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Antibacterial activity of two species of bryozoans from northern Puget Sound

By Jill S. Shellenberger and JuneR. P. Ross


For the first time, bryozoan species from northern Puget Sound have been shown to contain antibacterial compounds. The antibacterial activity of two local marine cheilostome species was tested against six strains of local marine bacteria and against stock cultures of Vibrio anguillarium, Bacillus subtilis, Staphylococcus aureus, and Escherichia coli. The filter paper disc method was used to test for antibacterial activity. A crude extract made from the bryozoan Bugula pacifica inhibited the growth of two marine isolates, as well as B. subtilis, S. aureus, and E. coli. A crude extract made from the bryozoan Tricellaria occidentalis inhibited the growth of B. subtilis. Preliminary scanning electron microscopy data indicate that Tricellaria occidentalis had higher densities of surface bacteria than Bugula pacifica. This inverse relationship between antibacterial activity and surface fouling may indicate an antifouling role for these bryozoan secondary metabolites. The presence of antibacterial compounds may allow bryozoans to manipulate the microbial film growing on them, and may influence the types of organisms that are able to settle near or on them. The ability to manipulate microbial films may also enable bryozoans to make the substrate nearby more suitable for the settlement of their own larvaeShellenberger and Ross "Antibacterial activity of two species of bryozoans from northern Puget Sound." Northwest Science. 1998; 72(1): 23-3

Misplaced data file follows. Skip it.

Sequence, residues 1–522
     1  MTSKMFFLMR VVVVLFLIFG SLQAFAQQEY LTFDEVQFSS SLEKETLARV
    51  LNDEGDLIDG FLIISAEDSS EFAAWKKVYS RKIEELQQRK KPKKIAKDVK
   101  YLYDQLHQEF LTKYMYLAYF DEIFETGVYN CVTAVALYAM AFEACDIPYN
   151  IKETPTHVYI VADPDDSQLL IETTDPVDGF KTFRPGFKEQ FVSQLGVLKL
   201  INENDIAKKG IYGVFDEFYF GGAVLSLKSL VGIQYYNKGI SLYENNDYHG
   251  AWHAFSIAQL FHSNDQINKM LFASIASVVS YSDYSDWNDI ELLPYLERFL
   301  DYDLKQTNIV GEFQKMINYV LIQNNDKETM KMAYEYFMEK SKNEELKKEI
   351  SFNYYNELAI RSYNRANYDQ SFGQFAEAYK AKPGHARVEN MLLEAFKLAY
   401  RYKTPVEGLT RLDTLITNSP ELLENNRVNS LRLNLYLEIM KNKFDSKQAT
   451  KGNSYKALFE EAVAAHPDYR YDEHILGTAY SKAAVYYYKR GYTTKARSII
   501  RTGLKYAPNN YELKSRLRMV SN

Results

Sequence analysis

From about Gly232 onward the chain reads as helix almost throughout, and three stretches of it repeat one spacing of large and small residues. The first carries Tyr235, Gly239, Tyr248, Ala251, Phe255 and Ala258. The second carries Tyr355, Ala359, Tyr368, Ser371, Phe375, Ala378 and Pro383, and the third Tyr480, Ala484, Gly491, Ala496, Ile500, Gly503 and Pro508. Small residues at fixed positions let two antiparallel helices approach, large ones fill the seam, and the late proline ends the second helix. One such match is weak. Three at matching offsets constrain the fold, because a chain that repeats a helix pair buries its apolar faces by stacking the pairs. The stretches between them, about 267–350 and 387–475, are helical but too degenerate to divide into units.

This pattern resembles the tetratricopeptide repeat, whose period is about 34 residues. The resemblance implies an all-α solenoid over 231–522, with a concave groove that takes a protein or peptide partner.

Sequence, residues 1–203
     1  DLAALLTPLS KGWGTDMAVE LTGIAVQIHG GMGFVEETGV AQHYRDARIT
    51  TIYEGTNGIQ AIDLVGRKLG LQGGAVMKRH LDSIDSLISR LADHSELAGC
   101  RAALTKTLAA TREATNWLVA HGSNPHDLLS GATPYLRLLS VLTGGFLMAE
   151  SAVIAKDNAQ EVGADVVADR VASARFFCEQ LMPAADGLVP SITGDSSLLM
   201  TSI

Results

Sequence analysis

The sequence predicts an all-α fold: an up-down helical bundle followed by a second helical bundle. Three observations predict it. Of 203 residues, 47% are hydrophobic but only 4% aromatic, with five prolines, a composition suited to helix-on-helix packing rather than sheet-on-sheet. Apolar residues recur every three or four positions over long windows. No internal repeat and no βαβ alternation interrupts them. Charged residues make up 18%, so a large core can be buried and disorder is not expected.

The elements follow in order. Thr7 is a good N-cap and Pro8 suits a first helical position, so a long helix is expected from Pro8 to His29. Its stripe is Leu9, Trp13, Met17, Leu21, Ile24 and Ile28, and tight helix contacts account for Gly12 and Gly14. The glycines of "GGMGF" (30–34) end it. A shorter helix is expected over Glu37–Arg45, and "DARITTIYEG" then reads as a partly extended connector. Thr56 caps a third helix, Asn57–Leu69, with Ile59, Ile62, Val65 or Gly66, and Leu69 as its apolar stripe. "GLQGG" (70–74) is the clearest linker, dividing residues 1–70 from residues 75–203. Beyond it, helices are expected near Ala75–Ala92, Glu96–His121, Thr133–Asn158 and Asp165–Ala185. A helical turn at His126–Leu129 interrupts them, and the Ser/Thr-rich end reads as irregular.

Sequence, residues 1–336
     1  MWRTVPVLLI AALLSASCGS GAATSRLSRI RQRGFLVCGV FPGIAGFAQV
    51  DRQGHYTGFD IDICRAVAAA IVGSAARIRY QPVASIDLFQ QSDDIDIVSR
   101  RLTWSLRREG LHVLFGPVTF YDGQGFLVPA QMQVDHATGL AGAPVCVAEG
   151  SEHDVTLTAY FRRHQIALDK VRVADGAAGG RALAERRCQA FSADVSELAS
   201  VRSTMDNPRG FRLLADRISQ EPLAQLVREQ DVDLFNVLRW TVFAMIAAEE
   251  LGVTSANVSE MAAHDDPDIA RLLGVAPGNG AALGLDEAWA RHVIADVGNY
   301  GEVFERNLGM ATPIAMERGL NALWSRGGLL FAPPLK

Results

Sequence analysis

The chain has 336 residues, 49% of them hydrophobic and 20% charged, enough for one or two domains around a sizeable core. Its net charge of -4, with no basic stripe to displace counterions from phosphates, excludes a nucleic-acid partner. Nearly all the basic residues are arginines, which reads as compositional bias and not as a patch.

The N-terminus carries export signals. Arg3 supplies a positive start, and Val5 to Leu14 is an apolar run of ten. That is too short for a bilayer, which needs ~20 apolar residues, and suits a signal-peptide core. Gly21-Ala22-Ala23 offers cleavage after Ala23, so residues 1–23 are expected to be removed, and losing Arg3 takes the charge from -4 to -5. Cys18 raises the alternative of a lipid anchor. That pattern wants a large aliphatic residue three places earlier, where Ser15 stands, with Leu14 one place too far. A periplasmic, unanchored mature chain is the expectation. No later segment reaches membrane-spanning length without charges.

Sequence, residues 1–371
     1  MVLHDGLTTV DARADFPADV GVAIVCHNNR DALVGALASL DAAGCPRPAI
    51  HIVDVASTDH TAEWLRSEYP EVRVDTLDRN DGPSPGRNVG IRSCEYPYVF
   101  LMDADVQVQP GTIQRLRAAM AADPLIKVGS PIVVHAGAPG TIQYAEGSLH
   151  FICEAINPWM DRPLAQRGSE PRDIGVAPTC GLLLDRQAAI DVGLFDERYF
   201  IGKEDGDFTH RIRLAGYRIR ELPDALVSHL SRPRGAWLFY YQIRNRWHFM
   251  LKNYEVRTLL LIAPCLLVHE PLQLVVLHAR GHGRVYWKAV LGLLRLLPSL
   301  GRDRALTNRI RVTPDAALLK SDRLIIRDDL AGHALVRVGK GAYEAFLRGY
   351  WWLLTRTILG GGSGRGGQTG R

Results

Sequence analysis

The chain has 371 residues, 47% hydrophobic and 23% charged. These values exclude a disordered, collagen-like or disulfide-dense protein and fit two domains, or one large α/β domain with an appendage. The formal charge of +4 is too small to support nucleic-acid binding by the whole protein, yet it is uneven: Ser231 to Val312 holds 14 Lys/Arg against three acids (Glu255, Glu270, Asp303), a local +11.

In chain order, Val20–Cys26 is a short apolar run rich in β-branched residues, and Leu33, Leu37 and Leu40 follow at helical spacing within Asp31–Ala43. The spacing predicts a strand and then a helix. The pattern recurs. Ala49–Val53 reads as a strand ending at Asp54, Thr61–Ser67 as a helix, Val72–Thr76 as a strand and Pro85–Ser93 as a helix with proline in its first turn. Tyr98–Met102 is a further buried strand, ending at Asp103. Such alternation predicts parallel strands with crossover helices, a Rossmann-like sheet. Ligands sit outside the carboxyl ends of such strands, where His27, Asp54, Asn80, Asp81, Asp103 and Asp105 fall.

Topics: antibacterial activity, bacterial activity
Publisher: WSU Press
Year: 1998
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Provided by: Research Exchange
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